It’s time for universities to stop sweeping suicide under the carpet
We shouldn’t have to find out through tabloid headlines
This week saw the fourth death at Bristol in four months of a student believed to have committed suicide. Lara Nosiru, a 23-year-old Neuroscience student, was found near the Clifton suspension bridge near Avon Gorge.
Daniel Green. Kim Long. Miranda Williams. Four deaths in four months. Saher Ahmad, Daniel Pinfold, Christopher Walsh and Azusa Nose all at York. Lauren McQuaid at Cardiff. Andrew Stoney at Manchester. Luigi Trenti-Paroli and Christopher Harr at Oxford. Niall Paraskos at Northumbria.
These are just some of the students who committed suicide in the last 12 months or so. Notice anything? Only one of them isn’t at a Russell Group university. That’s not because going to a university with higher entry requirements means more stress. The reality is far different.
In 2014 alone, there were 130 recorded suicides of students in England and Wales. With the growth in awareness of mental health issues, the figures for 2015 and 2016 are likely to be similar. But the news of these deaths only reaches campus through national media outlets, obsessed with sensationalising the tragedy surrounding wealthy universities and the young people at them. How much does their dad earn? How expensive was their fee paying private school in a leafy suburb? Were they a keen horse rider or rower or rugby player?
Why do tabloid papers think they can use the deaths of vulnerable young people as a vehicle for bringing students down a notch? If we’re not snowflakes, we’re either throwing up in our ‘uni digs’ or we’re killing ourselves.
To national media outlets, only Russell Group universities matter, so we only find out about deaths at the elite, and rarely elsewhere. If universities stood up to the issue, and stopped sweeping suicide under the rug and created a more measured conversation around the issue, we’d find out tragic news in a much better way, as opposed to seeing their peers’ Facebook photos on the splash of Mail Online. Creepy journalists are only piggy backing on an issue created by universities more concerned with protecting their reputation than their students.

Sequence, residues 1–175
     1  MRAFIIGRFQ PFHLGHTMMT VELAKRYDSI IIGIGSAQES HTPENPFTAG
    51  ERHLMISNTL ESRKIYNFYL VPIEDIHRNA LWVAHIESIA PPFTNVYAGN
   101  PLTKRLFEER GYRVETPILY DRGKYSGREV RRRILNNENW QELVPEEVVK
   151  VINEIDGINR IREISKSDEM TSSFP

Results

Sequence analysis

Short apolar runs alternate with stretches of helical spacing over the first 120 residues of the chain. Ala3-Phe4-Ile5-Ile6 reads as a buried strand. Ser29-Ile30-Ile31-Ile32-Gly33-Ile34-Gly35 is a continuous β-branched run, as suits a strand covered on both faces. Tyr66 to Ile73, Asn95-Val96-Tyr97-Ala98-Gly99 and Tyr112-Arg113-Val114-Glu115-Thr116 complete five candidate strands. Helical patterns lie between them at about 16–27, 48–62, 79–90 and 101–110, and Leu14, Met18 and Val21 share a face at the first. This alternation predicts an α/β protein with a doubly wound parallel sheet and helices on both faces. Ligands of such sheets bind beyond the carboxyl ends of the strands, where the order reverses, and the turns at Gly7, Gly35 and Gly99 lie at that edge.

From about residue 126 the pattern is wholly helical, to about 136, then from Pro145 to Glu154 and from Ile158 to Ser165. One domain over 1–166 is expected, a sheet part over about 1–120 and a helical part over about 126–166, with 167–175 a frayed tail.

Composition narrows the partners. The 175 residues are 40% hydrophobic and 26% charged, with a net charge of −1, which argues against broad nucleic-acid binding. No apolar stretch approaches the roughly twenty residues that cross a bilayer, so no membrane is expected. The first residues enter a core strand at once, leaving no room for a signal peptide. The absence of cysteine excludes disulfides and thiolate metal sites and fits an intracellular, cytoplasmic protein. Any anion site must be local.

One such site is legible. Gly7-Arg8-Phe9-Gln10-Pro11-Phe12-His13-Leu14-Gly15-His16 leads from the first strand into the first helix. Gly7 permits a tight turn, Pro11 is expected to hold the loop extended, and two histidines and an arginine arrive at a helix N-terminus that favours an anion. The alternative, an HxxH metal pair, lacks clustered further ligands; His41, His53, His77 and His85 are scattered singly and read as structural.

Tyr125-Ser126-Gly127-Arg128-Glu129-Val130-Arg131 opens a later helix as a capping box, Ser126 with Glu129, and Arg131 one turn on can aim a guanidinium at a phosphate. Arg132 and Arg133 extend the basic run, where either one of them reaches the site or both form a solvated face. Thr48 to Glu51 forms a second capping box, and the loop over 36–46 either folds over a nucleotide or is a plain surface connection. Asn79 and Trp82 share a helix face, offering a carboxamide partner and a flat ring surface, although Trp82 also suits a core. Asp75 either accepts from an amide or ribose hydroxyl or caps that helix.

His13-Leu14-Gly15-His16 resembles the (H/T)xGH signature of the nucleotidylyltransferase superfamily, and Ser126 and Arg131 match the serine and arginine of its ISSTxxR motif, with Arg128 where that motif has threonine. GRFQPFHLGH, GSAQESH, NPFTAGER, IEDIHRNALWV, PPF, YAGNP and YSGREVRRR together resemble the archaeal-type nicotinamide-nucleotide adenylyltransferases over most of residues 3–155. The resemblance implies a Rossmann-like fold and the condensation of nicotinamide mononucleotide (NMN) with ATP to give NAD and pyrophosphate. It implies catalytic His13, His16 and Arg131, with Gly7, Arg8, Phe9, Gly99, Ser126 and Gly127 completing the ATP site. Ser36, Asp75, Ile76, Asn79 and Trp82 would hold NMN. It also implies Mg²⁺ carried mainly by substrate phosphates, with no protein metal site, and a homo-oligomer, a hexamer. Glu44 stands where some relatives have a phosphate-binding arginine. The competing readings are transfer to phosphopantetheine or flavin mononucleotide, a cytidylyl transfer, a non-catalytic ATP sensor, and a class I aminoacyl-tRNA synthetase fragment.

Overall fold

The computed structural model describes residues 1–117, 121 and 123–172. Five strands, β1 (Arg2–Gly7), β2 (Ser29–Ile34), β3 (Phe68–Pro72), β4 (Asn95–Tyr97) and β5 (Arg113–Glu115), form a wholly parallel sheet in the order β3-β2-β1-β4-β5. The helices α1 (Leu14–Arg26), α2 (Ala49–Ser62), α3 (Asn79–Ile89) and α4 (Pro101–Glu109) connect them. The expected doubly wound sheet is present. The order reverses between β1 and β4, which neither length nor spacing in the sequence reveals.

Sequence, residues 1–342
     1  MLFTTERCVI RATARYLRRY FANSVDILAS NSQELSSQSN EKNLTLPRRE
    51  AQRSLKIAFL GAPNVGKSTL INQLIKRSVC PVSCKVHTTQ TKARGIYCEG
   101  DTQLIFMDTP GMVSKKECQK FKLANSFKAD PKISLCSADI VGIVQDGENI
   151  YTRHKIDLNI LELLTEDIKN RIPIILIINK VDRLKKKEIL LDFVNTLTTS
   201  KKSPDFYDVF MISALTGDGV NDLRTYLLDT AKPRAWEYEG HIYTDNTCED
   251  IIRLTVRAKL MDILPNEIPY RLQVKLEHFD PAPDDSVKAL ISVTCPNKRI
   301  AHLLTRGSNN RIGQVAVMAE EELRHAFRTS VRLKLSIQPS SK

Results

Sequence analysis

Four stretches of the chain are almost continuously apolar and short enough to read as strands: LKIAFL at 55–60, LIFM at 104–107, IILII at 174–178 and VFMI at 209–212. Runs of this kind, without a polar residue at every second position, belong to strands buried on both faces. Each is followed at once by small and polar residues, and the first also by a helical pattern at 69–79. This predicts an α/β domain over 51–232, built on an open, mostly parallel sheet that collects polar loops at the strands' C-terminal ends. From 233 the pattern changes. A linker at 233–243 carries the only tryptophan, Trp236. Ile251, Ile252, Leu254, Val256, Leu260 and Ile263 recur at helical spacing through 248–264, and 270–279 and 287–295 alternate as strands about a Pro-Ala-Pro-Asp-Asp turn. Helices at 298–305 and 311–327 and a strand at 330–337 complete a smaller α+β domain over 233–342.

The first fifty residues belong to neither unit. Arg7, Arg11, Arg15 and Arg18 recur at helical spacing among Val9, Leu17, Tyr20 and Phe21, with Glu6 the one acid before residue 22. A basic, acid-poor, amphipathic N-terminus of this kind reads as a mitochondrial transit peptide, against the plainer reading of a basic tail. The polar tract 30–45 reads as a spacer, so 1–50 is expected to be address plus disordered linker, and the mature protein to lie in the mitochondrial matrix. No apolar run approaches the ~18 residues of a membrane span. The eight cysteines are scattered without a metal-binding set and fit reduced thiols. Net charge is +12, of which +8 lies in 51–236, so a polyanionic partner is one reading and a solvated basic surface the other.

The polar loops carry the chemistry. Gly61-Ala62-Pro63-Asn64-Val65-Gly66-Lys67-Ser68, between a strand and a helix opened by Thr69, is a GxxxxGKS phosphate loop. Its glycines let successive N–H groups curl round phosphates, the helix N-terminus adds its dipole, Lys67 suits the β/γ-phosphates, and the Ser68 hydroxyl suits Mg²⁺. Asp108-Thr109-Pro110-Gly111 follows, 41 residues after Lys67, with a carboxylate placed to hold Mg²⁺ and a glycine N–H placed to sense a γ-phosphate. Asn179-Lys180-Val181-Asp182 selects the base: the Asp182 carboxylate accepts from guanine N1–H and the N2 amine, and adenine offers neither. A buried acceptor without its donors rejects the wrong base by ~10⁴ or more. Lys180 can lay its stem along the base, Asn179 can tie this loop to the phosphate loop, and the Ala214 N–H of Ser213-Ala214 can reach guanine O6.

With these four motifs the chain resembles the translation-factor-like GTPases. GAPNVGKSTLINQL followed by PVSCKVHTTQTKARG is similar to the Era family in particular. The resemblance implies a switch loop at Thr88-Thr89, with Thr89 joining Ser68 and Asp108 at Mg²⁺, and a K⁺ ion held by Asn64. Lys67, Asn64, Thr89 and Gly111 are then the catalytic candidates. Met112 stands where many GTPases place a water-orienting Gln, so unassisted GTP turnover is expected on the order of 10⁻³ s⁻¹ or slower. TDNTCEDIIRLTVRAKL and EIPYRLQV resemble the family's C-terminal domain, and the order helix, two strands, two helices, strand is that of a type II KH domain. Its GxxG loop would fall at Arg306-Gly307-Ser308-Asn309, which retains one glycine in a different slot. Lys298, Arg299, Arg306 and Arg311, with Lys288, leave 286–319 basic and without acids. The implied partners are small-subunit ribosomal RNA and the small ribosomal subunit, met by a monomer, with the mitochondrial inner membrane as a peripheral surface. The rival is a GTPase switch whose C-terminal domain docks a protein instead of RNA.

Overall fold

Last year, we published a six month long investigation into the state of mental health counselling services. It showed a dismal array of failures, and concluded that universities were hushing up the issue by failing to provide the relevant funding to care for its students and making the problem worse. Thousands of vulnerable young people seeking help and an unknown number of deaths. This is what it took to force a change. York to invest £500,000 and Bristol £1,000,000. Each saw four students commit suicide in a short space of time.
It’s time to address this. Universities need to be open. The father of one of the Bristol students who died summed it up perfectly at the time: “I don’t think there is enough pastoral care for students once they arrive at university. It is quite a step-up from sixth form. When I was told about the three deaths I was surprised there was no official news about it. I think it is something which should be discussed and people made aware of.”
They fear copycat cases – the more suicide is talked about, the more people will commit suicide. But what if suicide being talked about helped people to understand they weren’t alone, that help is on offer? What if, during Freshers’ Week, there was a induction for the counselling service as opposed to the library? Here’s how to scan a book – great, you knew that one. Here’s who you can talk to, anonymously, at any time of day whatever you’re problem – nope, you had no clue it was there. There are, as we regularly report on, several options open to students who need counselling and need to seek help.
There have been far more than the 14 deaths mentioned earlier and the picture, when we know it, will be bleak. But instead of waiting to find out, it’s time we acted and it’s time to stop suicide from being a hushed up issue.
You can talk to someone 24 hours a day, 7 days a week, by calling Samartians on 116 123 or check your university’s counselling page.